Shea Moisture is a popular brand. The brand offers many products for the LCO and LOC methods. The brand did change some formulas, resulting in a slightly lower safety score for some products. Please see the ratings below and review the links.

Evidence of a change between 2017 and 2018 can be found on COSDNA and EWG Shea Moisture product pages. Here are a few common products:

Recap: LOC Method vs LCO Method

The LCO and LOC methods are based on the application of a leave-in conditioner, an oil, and a cream-based product.

Your choice will depend on your hair type and your styling goals. Before you can determine a method that works well for you, you will need to experiment with the types of products you use (and environmental factors such as the weather to determine which method works best for you).

First, examine your curl type and think about how heavy you need your products to be to achieve curl definition. Then, consider your hair porosity. How quickly does your hair absorb moisture and which products are you often using to restore your protein moisture balance? Finally, consider what you’re looking for in products and the ingredients in different formulas to help you maintain protein moisture balance with the LCO or LOC routine.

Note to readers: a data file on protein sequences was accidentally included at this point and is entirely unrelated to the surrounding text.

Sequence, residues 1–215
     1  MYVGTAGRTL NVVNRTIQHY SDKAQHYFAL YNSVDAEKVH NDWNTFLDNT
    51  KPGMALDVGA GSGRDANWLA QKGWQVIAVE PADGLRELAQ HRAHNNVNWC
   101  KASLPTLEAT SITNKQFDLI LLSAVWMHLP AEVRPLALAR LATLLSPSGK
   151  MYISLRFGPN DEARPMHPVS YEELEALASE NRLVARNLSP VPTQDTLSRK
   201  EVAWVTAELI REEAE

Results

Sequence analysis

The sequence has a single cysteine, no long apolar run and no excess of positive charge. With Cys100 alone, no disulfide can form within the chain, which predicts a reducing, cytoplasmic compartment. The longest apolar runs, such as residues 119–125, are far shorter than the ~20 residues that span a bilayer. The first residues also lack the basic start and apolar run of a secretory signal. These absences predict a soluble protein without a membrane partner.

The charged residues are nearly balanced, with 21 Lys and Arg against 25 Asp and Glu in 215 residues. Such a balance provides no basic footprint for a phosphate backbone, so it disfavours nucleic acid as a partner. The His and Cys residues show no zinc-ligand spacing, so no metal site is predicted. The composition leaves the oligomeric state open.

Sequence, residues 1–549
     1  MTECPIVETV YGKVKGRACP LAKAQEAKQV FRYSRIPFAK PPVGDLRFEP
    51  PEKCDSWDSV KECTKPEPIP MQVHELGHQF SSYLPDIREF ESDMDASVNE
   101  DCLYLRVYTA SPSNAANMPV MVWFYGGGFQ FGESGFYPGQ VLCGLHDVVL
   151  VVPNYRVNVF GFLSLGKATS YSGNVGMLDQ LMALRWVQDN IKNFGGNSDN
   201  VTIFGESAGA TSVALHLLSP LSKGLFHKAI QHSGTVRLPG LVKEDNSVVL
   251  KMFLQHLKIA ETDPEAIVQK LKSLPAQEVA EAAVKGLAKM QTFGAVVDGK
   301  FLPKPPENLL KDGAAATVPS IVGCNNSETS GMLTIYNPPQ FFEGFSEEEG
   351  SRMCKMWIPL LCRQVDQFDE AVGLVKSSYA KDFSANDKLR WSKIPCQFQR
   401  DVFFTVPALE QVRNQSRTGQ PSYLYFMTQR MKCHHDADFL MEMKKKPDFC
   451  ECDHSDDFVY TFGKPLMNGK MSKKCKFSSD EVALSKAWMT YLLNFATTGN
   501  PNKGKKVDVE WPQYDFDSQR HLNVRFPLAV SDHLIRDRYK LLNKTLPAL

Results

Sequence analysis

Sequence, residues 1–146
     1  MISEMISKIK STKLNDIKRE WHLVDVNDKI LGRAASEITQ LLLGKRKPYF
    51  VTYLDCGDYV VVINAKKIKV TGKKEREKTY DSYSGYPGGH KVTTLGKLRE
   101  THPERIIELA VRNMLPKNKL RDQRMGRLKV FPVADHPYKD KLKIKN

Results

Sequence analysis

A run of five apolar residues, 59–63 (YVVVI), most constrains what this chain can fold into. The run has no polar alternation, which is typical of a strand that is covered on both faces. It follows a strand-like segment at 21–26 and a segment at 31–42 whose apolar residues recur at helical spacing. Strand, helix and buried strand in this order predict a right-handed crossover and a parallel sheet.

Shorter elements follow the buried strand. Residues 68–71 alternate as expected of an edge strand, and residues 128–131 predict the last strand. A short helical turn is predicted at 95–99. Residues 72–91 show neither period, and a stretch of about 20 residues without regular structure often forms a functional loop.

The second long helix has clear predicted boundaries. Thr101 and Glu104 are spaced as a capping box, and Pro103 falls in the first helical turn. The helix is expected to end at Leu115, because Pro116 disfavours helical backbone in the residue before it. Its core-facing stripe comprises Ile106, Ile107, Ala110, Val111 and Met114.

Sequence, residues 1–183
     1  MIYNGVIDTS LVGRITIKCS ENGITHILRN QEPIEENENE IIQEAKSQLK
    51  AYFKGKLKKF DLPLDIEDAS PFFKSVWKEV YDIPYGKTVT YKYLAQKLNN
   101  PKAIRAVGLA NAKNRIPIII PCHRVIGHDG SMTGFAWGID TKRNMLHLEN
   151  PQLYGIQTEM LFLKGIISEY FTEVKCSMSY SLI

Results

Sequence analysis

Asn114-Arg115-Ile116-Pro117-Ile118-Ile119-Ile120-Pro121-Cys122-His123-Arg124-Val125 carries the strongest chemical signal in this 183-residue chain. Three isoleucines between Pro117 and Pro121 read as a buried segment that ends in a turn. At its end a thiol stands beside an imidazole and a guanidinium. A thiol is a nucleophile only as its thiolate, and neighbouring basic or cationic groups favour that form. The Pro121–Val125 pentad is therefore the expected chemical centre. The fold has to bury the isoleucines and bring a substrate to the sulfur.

Q&A: What is the difference between LOC and LCO method?

A: How often you do the LOC method will depend on your hair type. If you have curly hair, it is best to avoid washing and reapplying products every day as this can dry out your hair. If you incorporate it into your hair routine, it’s best to use this method on wash day and refresh with a styling product in between washes.

A person with low porosity hair may find their hair is working hard to absorb a cream-based product 24 hours after application. Meanwhile, a person with high porosity will likely notice that the cream and oil applied to the hair is mostly absorbed after 24 hours.

The LCO method may work best for low porosity hair since it will be harder for low porosity hair to absorb the oil. Low porosity hair types will benefit from applying products when the hair is damp and the cuticle is open.

You’ll have to experiment to see which method your hair responds best to. However, a person with low porosity hair may find their hair is working hard to absorb heavy products which is why applying the oil last is usually best.

Curly Hair Checklist

You’ve tried a million products and you still can’t get the curl definition you want. This simple checklist will help you build a routine that actually works even if you have no idea where to start.

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LOC Method products